From one Ice age into another one!
WHEN THE Icelandic consortium of Bjorgolfur Gudmundsson and Eggert Magnusson took over the helm at Upton Park in November 2006 they were greeted with open arms, writes DAVE EVANS. Most fans at the time were simply relieved that the Scandinavians had seen
WHEN THE Icelandic consortium of Bjorgolfur Gudmundsson and Eggert Magnusson took over the helm at Upton Park in November 2006 they were greeted with open arms, writes DAVE EVANS.
Most fans at the time were simply relieved that the Scandinavians had seen off the bid of controversial Iranian businessman Kia Joorabchian.
But now, nearly three years on, with Gudmundsson finally shown the exit door this week, was the first Ice Age at Upton Park a qualified success or a financial disaster?
Looking at their transfer record, it would perhaps seem to be the former. There were certainly some disastrous buys at over-inflated prices, with Luis Boa Morte, Julien Faubert and Savio springing immediately to mind.
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But the arrival of the likes of Scott Parker, Matty Upson and initially Craig Bellamy certainly improved the team and made the Hammers a creditable Premier League force.
The biggest problem was the wages that West Ham offered, and for that, much of the liability was down to Eggert Magnusson.
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The likeable, smiling chairman certainly upped the Hammers profile, but when players like Freddie Ljungberg were reportedly earning �75,000 a week, including �20,000 in image rights, then something was clearly not quite right.
When Magnusson was removed, the steadier control of Gudmundsson took over, and when you look at the final transfer tally, West Ham almost broke even, helped by the �14million they gleaned from Manchester City back in January for Bellamy.
Gudmundsson's failings though came back in Iceland, where it became apparent that his enormous fortune was built on shifting sand and one of the consequences of that was that this week, West Ham United - one of his few remaining assets - was confiscated like a repossesed house.
The outgoing chairman said on Monday: "As my fortunes have changed I now have to withdraw from the board of directors. I do that with great regret, but I am convinced that this change of ownership and control will advance the club in the present circumstances.
"I will remain forever a West Ham fan and hope I will have many happy returns to Upton Park."
Gudmundsson was the exact opposite of Magnusson during his time at the club. Careful and publicity shy, he did however seem to have the best interests of the club at heart, and it was only the credit crunch that has brought Iceland to its knees which proved his downfall.
He expressed confidence in the new regime, but fresh doubts have arisen over the credibility of CB Holdings and their parent company Straumur.
It seems that West Ham have gone from one Ice Age to another and on the surface, this one looks no better off than the first.
Straumur have been seriously affected by the economic downturn and are in the process of turning from an investment bank into an asset management company, but that is still to be ratified by their creditors.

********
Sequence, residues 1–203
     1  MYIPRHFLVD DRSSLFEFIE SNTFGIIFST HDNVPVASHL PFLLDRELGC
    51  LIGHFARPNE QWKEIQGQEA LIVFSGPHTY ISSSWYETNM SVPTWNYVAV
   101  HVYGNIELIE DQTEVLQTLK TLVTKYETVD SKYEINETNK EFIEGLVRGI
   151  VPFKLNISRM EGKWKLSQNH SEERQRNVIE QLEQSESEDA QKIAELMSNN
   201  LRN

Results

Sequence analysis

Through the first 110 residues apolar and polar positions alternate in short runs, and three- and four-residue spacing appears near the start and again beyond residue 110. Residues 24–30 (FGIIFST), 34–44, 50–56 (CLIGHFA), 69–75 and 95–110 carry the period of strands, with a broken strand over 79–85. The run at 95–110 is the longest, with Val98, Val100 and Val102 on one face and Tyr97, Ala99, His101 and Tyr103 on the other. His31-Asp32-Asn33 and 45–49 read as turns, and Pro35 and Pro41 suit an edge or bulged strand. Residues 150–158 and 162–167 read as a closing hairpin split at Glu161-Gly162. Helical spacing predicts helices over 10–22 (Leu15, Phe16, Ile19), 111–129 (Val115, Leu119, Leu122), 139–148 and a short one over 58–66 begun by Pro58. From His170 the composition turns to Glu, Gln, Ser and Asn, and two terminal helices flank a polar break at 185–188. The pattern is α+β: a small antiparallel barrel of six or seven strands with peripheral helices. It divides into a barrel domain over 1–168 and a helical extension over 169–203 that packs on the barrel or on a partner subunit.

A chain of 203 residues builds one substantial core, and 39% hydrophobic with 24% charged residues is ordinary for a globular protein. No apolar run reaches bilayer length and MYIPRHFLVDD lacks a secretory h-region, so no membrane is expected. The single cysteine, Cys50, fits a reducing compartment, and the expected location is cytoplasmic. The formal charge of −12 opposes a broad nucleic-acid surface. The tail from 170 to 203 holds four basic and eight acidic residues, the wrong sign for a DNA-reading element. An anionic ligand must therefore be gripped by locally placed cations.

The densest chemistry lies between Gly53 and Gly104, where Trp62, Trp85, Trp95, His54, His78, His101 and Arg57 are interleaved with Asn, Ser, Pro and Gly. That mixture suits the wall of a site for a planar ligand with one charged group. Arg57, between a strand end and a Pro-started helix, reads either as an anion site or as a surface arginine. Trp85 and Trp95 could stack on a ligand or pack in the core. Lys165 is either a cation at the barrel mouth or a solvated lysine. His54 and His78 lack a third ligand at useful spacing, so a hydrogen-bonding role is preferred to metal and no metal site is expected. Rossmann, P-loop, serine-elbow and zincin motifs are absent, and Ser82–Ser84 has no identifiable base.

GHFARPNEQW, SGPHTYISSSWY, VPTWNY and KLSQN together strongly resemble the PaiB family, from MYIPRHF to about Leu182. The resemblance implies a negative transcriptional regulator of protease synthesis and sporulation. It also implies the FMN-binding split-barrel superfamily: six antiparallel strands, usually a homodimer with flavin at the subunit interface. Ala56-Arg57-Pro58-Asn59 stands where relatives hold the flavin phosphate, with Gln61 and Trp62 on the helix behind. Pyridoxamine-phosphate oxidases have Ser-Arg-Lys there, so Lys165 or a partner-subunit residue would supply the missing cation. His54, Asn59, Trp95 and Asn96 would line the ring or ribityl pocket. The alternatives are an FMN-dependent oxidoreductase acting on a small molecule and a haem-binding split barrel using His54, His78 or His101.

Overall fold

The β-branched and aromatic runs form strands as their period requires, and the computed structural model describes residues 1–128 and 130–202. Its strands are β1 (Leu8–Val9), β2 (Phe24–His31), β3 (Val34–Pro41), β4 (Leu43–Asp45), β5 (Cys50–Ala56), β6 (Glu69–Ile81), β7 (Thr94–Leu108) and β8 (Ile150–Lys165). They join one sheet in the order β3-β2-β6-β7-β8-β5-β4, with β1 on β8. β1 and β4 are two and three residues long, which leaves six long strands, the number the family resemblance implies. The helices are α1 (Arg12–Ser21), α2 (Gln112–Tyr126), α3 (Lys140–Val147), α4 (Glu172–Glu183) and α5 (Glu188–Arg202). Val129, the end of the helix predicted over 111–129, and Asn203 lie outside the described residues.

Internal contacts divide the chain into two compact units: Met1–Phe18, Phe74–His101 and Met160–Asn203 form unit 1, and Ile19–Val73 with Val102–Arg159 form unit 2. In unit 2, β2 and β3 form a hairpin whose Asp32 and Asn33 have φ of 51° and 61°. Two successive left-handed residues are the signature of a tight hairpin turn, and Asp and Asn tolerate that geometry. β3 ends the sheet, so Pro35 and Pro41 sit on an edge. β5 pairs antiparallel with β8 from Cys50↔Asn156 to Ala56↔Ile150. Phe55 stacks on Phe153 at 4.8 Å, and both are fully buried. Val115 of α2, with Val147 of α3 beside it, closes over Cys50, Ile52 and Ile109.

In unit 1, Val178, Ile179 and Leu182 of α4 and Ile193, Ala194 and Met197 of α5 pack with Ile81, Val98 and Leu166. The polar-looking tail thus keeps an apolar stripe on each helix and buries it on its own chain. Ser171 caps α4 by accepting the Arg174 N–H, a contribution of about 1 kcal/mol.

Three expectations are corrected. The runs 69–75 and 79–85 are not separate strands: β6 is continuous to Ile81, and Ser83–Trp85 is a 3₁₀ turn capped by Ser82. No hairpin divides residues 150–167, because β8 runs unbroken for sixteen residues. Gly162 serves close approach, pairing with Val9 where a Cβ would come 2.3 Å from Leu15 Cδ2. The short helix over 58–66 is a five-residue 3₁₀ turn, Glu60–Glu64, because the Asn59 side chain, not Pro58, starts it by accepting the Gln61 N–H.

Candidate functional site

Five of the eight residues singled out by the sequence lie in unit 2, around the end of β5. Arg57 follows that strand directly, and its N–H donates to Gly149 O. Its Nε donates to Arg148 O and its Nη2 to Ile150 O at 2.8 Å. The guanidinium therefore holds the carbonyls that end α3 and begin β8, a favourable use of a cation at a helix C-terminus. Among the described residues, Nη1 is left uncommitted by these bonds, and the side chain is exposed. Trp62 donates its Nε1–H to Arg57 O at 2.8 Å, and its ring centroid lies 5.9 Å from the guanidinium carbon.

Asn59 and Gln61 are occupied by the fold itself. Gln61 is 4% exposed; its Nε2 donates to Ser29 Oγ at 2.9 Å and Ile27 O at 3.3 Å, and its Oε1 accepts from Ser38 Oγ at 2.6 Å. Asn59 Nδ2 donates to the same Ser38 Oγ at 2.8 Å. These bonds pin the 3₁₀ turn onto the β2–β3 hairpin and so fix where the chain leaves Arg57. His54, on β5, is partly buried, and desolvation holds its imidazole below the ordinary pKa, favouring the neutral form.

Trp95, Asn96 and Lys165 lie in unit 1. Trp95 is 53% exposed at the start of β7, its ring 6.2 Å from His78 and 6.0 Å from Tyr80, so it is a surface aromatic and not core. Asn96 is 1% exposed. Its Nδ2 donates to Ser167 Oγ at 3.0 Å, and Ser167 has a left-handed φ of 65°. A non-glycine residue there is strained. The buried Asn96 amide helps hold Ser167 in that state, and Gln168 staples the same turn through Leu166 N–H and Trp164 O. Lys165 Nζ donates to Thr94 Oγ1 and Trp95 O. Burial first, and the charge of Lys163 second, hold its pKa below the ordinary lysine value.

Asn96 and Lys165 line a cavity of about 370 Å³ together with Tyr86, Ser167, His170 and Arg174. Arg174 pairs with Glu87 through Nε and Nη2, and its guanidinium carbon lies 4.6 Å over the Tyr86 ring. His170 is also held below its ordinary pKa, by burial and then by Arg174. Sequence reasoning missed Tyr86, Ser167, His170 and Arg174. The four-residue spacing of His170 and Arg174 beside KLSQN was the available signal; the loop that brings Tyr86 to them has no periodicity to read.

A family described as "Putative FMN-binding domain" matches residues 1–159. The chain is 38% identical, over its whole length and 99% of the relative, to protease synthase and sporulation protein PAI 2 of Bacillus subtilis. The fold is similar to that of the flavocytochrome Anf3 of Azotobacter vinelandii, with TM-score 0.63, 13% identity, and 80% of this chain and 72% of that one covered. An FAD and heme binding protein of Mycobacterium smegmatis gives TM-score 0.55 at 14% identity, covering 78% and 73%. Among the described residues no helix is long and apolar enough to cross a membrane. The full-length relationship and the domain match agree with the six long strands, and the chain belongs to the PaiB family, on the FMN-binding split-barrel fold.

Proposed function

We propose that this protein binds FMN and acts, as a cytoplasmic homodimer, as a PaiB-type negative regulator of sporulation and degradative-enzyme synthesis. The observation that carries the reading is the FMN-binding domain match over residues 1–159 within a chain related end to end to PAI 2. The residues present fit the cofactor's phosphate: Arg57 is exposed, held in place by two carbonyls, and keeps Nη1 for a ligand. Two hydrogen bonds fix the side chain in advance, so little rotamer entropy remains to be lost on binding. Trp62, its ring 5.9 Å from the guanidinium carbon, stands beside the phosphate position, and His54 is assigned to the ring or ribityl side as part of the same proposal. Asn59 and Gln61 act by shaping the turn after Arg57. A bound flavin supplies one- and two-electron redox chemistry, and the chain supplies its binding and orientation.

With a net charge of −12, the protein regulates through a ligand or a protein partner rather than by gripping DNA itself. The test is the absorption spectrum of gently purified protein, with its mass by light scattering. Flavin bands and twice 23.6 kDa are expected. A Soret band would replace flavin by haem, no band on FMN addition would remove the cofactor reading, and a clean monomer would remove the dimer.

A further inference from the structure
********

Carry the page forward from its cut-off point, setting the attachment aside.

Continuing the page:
They are looking for a six-month extension to an authorised period of delay, during which they can pursue a restructuring of their financial position.
That has to be in place by tomorrow (Thursday), while on August 6, Straumur will have to reach a proper agreement with their creditors, or their assets - including West Ham United - will be stripped and the company liquidated.
That seems to fly in the face of the upbeat statements being made by CB Holdings head and West Ham's new non-executive chairman, Andrew Bernhardt, this week.
"I can assure fans we will sanction investment in new players, but all within the parameters of sensible budgeting based on on revenues generated by West Ham," he stated.
"It will be my job to help facilitate this continued progress on the pitch, while ensuring the club's success is built on a strong financial footing."
That would be more convincing if Straumur had their own house in order, though West Ham chief executive Scott Duxbury, who will keep his job in the restructure, was unsurprisingly upbeat.
"I am delighted to say that West Ham United has been sold in an agreement that will secure the long-term future of this football club," he said.
"Change is always unsettling, but I believe the new owners led by Andrew Bernhardt will bring stability to West Ham and I hope all our staff and fans will join me in welcoming them."
The long-term aim of CB Holdings is to sell the club, but in the current climate that may not be for as long as three years.
In the meantime, if Straumur and its subsidiaries remain in existence, their job will be to keep a firm hand on the tiller and a tight grip on the finances.
That means selling before buying and that the days under Magnusson of champagne and roses will not return under Straumur.
So were the Icelandic consortium a success? They certainly brought a breath of fresh air to Upton Park and though they made mistakes - principally with players' wages - they were also in charge for the modernisation of the football club.
What state would West Ham have been in if Joorabchian had been successful in his takeover plans?
It doesn't bear thinking about, but remember, while Gudmundsson is gone, Joorabchian remains at West Ham as a consultant!